Alfred Adler

Alfred Adler (February 7, 1870May 28, 1937) was an Austrian medical doctor and psychologist.

SourcedEdit

  • The striving for significance, this sense of yearning, always points out to us that all psychological phenomena contain a movement that starts from a feeling of inferiority and reach upward. The theory of Individual Psychology of psychological compensation states that the stronger the feeling of inferiority, the higher the goal for personal power.
    • From a new translation of "Progress in Individual Psychology" ("Fortschritte der Individualpsychologie", 1923), a journal article by Alfred Adler, in the AAISF/ATP Archives.
  • To be human means to feel inferior.
    • Statement of 1933, as quoted in Contemporary Theories and Systems in Psychology (1960) by Benjamin B. Wolman, p. 288
  • Meanings are not determined by situations, but we determine ourselves by the meanings we give to situations.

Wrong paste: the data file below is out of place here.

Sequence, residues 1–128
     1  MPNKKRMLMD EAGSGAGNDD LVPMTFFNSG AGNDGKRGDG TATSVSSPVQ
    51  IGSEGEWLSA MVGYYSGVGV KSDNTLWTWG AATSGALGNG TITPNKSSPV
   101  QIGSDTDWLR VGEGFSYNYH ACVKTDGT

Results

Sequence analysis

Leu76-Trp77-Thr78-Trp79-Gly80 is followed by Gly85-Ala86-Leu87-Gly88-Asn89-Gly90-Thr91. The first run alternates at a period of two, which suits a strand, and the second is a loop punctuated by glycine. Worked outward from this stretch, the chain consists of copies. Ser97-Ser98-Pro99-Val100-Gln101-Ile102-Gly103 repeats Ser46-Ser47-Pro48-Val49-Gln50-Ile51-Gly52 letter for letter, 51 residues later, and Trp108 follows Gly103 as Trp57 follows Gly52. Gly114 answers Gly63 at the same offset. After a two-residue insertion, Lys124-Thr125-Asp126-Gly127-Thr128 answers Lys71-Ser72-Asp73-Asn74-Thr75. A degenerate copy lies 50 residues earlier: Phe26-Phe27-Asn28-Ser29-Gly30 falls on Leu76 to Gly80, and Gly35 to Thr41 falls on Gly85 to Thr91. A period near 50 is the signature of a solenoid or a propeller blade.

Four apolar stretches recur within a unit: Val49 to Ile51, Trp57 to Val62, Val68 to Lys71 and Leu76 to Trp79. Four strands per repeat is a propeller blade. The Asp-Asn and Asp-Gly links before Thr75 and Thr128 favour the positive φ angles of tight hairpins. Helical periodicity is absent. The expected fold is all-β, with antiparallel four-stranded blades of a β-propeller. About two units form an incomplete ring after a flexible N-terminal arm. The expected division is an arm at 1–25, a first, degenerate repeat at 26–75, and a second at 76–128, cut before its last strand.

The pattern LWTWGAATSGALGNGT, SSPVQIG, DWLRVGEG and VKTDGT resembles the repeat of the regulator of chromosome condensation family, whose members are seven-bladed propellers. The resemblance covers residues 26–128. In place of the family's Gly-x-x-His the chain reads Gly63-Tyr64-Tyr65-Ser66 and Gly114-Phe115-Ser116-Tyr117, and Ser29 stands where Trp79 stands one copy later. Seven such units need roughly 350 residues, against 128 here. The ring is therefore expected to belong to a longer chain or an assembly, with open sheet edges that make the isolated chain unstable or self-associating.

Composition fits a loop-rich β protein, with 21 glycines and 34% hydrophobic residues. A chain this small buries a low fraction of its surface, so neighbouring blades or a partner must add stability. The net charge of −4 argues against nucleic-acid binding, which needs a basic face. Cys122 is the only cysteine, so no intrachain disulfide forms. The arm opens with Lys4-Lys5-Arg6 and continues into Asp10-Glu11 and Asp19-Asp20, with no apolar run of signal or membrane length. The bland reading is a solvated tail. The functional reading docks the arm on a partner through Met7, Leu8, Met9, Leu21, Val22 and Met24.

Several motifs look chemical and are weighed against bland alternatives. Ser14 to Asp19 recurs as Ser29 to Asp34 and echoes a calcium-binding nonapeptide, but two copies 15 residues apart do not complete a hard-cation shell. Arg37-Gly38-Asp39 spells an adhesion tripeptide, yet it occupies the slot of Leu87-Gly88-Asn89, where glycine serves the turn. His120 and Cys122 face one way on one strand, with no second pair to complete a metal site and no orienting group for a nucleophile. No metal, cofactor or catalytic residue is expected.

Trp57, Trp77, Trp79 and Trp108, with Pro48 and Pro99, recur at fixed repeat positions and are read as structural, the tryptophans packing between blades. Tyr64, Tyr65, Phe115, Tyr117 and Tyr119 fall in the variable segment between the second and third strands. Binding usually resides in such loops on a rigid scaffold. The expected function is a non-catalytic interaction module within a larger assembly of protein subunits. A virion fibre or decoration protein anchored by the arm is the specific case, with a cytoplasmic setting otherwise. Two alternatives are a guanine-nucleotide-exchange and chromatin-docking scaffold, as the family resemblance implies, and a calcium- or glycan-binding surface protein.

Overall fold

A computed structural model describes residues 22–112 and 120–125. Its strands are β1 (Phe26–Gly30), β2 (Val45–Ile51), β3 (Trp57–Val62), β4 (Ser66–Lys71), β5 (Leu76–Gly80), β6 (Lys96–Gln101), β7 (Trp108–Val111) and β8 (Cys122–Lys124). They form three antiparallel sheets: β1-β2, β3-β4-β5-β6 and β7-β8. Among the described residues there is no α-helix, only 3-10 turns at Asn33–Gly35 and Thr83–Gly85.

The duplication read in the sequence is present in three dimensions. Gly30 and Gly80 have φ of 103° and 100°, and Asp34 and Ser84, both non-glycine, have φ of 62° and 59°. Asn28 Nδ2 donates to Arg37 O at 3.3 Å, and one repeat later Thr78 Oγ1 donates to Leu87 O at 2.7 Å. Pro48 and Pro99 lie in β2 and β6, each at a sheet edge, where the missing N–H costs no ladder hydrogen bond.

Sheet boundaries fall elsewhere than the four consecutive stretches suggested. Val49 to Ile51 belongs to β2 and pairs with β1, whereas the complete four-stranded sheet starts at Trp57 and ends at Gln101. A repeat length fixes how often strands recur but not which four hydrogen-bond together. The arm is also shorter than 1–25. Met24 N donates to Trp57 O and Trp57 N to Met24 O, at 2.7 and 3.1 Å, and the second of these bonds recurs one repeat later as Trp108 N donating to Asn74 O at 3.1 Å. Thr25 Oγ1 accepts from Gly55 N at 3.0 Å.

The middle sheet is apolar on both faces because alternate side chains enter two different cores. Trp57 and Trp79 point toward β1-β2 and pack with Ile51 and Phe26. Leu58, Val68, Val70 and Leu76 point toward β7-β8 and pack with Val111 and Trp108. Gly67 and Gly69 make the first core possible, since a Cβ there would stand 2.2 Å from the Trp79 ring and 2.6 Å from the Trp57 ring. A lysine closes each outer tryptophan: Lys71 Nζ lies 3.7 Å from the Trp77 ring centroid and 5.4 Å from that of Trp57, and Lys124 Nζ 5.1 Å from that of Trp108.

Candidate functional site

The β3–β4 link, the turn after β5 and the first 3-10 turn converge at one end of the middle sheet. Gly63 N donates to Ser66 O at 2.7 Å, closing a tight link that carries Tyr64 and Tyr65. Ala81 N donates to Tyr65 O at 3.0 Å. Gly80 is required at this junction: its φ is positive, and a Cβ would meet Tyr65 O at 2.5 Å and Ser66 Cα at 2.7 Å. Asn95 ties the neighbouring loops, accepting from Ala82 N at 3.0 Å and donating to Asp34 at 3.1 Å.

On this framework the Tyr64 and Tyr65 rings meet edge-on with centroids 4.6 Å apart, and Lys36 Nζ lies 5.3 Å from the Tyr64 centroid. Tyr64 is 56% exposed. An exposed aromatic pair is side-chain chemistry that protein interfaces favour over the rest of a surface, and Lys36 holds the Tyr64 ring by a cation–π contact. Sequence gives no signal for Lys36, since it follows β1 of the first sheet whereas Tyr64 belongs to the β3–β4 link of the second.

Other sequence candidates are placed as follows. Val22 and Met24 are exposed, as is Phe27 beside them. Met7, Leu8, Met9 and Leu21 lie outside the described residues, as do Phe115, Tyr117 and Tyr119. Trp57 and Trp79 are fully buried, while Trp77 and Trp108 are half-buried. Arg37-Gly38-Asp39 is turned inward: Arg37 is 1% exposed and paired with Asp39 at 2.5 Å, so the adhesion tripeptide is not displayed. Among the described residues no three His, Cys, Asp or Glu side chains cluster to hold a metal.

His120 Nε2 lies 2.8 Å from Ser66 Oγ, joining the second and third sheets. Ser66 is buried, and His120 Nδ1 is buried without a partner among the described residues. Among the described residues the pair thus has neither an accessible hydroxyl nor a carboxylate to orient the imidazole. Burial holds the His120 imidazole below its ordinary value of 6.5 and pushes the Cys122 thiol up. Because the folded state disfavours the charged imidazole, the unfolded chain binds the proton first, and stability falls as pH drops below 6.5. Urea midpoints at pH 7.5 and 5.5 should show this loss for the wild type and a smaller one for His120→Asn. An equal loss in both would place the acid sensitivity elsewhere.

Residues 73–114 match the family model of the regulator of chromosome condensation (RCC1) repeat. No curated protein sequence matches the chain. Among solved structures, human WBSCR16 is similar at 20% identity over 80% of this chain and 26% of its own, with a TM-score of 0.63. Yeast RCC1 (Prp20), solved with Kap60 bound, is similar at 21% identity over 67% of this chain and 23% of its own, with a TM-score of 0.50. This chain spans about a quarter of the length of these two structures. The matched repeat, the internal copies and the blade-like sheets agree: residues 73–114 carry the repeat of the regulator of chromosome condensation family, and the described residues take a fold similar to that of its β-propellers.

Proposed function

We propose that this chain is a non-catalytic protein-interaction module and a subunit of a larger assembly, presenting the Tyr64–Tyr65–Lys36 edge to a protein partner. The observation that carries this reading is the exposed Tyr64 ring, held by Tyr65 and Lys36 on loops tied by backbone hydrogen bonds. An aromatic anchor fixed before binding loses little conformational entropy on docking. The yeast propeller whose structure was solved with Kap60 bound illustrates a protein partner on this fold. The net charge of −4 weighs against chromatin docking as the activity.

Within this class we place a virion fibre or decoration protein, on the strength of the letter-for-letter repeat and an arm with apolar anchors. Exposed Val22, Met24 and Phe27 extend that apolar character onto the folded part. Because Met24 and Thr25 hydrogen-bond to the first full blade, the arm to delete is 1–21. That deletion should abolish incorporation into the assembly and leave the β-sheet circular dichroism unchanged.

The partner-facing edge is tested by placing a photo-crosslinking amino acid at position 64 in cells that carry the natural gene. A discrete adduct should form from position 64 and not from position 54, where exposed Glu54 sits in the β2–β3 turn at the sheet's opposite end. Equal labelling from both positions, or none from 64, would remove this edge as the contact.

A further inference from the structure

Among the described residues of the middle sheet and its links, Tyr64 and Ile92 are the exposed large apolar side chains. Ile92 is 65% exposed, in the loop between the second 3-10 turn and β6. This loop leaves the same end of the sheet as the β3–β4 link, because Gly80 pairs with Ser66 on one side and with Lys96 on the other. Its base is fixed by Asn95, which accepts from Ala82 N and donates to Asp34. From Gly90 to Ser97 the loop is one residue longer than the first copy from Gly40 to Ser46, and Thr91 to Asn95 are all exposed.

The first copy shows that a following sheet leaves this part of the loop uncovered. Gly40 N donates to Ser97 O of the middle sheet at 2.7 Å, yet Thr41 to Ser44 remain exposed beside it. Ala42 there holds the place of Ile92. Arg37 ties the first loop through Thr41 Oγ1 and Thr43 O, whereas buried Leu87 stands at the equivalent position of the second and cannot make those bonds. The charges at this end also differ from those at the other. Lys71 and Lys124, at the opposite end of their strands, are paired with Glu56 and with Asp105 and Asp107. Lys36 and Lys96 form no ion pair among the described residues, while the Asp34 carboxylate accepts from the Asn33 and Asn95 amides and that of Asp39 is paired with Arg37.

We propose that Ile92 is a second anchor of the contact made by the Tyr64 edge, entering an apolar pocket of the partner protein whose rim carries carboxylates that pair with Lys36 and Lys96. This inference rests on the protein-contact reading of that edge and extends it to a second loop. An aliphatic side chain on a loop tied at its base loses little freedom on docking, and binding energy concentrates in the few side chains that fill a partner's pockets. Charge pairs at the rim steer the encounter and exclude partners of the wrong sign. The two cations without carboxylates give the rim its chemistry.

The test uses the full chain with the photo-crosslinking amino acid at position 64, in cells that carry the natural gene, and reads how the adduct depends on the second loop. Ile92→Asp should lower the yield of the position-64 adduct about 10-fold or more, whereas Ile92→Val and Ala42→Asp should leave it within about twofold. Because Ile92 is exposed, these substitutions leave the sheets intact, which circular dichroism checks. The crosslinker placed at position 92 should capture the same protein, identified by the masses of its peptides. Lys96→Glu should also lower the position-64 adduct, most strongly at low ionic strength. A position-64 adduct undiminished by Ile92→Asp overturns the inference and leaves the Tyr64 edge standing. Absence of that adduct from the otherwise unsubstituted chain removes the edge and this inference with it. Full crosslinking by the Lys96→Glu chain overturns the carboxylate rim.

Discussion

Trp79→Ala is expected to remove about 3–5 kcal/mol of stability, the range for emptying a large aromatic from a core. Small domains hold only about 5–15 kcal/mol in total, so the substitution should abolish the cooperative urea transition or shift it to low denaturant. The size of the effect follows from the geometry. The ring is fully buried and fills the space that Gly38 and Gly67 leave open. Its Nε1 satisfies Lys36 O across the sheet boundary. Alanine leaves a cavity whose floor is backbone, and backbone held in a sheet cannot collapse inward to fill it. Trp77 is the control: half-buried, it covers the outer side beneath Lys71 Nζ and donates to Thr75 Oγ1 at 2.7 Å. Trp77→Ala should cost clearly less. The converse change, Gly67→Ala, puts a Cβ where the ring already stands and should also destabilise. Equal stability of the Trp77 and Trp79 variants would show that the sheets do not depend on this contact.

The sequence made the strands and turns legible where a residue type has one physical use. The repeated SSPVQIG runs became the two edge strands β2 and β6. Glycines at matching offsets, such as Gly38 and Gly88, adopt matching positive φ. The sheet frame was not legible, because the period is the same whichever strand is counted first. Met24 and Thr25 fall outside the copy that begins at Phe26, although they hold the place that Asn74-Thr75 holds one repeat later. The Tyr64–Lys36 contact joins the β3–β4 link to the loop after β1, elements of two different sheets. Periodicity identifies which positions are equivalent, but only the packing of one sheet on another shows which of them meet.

• What Life Should Mean to You (1937), p. 14
  • It is always easier to fight for one's principles than to live up to them.
    • Quoted in: Phyllis Bottome, Alfred Adler: Apostle of Freedom (1939), ch. 5
    • Problems of Neurosis: A Book of Case Histories (1929)
  • Man knows much more than he understands.
    • As quoted in A Primer of Adlerian Psychology: The Analytic-Behavioural-Cognitive Psychology of Alfred Adler (1999) by Harold H. Mosak and Michael P. Maniacci

Quotes about AdlerEdit

  • The Adlerians, in the name of “individual psychology,” take the side of society against the individual. ... Adler’s later thought succumbs to the worst of his earlier banalization. It is conventional, practical, and moralistic. “Our science ... is based on common sense.” Common sense, the half-truths of a deceitful society, is honored as the honest truths of a frank world.
    • Russell Jacoby, Social Amnesia: A Critique of Conformist Psychology from Adler to Laing (1975), p. 23-25

External linksEdit

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Last modified on 15 April 2014, at 02:07